No politics, no "death crosses" - just simple fundamentals.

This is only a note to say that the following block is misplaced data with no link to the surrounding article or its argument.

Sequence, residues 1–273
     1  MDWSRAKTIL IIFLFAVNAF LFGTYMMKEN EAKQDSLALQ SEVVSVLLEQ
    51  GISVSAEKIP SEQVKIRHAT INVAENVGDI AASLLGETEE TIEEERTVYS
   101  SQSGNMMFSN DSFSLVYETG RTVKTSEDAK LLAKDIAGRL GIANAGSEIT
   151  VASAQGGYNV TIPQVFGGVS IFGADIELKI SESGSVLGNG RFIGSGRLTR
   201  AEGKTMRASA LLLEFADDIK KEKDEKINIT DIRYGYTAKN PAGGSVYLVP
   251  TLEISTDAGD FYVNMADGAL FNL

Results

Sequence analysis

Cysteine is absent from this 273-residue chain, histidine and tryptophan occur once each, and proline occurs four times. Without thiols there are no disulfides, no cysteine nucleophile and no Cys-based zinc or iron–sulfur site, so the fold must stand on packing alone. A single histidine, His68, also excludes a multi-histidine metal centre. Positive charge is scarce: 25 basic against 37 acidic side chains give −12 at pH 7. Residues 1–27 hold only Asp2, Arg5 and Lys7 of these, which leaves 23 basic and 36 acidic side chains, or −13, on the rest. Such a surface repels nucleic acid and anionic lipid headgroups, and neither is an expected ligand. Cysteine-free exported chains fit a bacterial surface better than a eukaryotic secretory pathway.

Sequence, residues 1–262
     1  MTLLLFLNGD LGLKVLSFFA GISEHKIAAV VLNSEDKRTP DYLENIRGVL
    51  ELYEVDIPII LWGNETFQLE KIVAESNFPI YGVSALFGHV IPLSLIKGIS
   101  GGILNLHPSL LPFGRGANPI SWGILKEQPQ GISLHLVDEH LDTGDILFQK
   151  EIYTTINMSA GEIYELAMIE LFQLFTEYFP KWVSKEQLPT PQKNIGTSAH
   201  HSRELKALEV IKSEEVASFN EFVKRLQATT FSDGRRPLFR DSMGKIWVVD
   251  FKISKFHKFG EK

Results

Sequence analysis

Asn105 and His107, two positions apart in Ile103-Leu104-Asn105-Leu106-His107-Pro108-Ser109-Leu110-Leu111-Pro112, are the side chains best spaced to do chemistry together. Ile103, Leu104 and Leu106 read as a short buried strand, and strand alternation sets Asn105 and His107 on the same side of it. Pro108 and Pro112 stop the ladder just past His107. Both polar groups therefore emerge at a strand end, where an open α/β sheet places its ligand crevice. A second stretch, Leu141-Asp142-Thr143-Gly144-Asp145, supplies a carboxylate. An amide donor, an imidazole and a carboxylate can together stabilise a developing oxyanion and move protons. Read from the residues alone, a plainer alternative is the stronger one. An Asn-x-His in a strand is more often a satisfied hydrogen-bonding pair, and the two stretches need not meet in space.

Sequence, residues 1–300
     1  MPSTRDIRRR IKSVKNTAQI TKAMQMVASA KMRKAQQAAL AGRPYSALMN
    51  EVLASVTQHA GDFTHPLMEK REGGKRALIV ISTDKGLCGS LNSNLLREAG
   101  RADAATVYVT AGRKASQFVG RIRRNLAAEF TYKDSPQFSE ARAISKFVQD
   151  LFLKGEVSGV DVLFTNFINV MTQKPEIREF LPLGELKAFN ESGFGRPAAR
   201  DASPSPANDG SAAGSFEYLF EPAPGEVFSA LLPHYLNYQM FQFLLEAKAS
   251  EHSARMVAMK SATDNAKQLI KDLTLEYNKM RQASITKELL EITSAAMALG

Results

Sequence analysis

What a roundtrip! After starting off November with a bang, and after nearly retracing all October losses in the aftermath of the NFP headfake in less than 2 trading sessions, the S&P futures literally imploded, and dropped 23 points from the intraday high, the same distance traveled as it crossed yesterday, only to the downside and on very strong volume for the second day in a row. While the 1400 support in ES is once again in play (ES closed literally on the lows of the session at 1405.5), as we suggested earlier, the far more ominous news is that the AAPL bubble appears to have popped (but, but, it is so cheap on forward multiple basis: guess what - forward multiples are based on forward earnings, which may very well never materialize! and thanks to the dividend, not even AAPL's cash hoard is the bastion it one was) and is now close to entering bear market territory, down just shy of 20% from its all time highs of $705.07 hit on September 12. Now with the 200 DMA taken out, the next support is the 20% retracement from the high which is at $564. After that it is freefall for a long time as a very deep gap needs filling. It is unclear just how much of the selling was there to cause max pain for Dick Bove and Rochdale, for whom every tick lower in the stock means a bigger margin call.Finally, news hitting literally seconds ago that MSFT may be launching its own phone if its partner strategy falters, means there go even more margins.